We next drove up towards the smelter where I got a few shots of the Baldwin switchers at work. Luckily locomotive 401 was arriving with the twice a week train down from Cobre and I got a shot of that. Finally, we saw an empty ore train coming down along the Hiline. It was a long ways off and moving slowly, but we watched it and finally figured that it would eventually turn west and pass under the Hwy 93 overpass. We waited there to get a few shots of it coming into town. From there we headed east, Colorado beckoned.
When I got home, I had my Kodachrome developed and the slides were fine. I projected them and the others from that trip, showed them to a few friends and then put them away in a cabinet where they have sat for years. In fact. I kind of forgot about them. Fast Forward. The mine closed. The smelter closed. The railroad shut down, but it wasn’t scraped. Kennecott Copper, the owner of the railroad gave it to a non-profit organization to become a museum. Locomotive 40 had a new career and was put back in service as the Ghost Train of Old Ely.
In 1987, I read about it in “Pacific Rail News” and next year, 1988, I returned to Ely, this time with my large format view camera. Today the Nevada Northern is the most complete steam-era railroad facility in the United States. Over the years, I’ve done more photography at Ely that anywhere else. Now I’ve become involved with the museum I have personally put some of those old wooden boxcars back into service and have started a book about the railroad which I hope to have out in time for the railroad’s centennial in 2005/2006.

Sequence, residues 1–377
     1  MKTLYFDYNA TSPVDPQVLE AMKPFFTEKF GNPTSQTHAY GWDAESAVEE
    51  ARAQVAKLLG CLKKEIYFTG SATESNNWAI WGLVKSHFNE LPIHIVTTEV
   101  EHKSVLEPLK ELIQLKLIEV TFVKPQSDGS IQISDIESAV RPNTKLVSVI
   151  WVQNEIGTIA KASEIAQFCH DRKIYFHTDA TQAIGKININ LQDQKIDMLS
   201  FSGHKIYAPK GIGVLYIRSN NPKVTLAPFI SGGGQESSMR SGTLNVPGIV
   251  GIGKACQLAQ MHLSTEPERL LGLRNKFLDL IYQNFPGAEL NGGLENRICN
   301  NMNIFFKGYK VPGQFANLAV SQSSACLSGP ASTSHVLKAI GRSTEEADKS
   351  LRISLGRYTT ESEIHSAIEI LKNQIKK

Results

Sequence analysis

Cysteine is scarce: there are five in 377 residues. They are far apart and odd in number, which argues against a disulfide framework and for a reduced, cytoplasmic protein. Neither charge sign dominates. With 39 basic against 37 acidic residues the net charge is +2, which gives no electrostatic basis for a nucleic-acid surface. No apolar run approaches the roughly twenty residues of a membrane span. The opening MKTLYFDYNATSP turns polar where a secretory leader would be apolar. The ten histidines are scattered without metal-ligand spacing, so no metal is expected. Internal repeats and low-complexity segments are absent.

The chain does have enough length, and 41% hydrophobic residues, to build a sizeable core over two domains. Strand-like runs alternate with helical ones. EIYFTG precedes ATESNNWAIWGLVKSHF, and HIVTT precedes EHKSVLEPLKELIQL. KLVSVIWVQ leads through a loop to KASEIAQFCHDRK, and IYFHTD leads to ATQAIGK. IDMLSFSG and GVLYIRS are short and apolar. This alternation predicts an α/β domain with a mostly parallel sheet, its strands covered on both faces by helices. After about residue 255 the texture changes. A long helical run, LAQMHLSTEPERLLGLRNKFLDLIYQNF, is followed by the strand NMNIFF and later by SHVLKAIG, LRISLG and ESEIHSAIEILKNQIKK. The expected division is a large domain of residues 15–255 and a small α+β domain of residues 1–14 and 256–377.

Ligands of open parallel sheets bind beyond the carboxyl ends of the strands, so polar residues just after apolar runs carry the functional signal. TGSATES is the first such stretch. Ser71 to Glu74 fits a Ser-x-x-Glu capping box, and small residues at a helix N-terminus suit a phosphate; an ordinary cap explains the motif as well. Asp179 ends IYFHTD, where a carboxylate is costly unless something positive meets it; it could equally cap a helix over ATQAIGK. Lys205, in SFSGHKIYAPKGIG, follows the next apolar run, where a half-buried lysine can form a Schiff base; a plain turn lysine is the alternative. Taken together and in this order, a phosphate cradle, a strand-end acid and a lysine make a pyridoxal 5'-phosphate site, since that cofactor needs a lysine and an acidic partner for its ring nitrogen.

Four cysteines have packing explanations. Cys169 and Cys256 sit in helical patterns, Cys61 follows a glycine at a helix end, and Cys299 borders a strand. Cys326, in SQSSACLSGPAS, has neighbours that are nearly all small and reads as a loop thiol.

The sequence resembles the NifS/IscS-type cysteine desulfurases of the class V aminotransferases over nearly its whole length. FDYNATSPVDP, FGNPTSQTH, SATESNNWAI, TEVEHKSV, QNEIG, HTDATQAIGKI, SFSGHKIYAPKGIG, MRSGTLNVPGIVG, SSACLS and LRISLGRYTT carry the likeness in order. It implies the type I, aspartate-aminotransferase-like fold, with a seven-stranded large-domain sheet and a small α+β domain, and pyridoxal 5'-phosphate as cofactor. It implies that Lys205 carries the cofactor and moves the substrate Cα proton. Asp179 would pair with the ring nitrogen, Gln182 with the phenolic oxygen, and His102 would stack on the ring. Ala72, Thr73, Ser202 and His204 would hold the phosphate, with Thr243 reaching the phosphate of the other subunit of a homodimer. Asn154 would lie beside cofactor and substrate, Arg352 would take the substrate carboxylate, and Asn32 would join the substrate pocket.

By this time I had forgotten what was in those slides taken 34 years ago. But I became curious and pulled them out. I thought that I had few shots of #40, but to my surprise I had a pretty good little photo essay that covered the railroad pretty well. Not many rail photographers stopped in Ely when the railroad was a going concern. Now those images seem a lot more significant than they did when I took them. When I took these slides, the railroad was not a museum, personal computers did not exist, there were no digital images, and the internet did not exist. We have all of that today, so it strikes me that I should share those images made 34 years ago and put them on the web, here they are.

If you want to see all of the photos from Gordon’s trip you can go to his website Now the circle is complete, Gordon is a member and a volunteer of the museum. His photos help fill a gap in the museum’s archive. He has sweated a lot over those boxcars that he saw that summer long ago and thanks to his efforts and the help of others all three of the boxcars are rolling again.

It is with help from individuals like Gordon that is reflected in the vibrant activity that is on going down at the museum. The museum needs all of the help it can get and we are always looking for artifacts on the Nevada Northern. It doesn’t matter if they are pictures, papers, or books. Everything is welcome–this is the history that we will pass on to explain to the next generation and the generations that follow what happened here in the high desert of north central Nevada.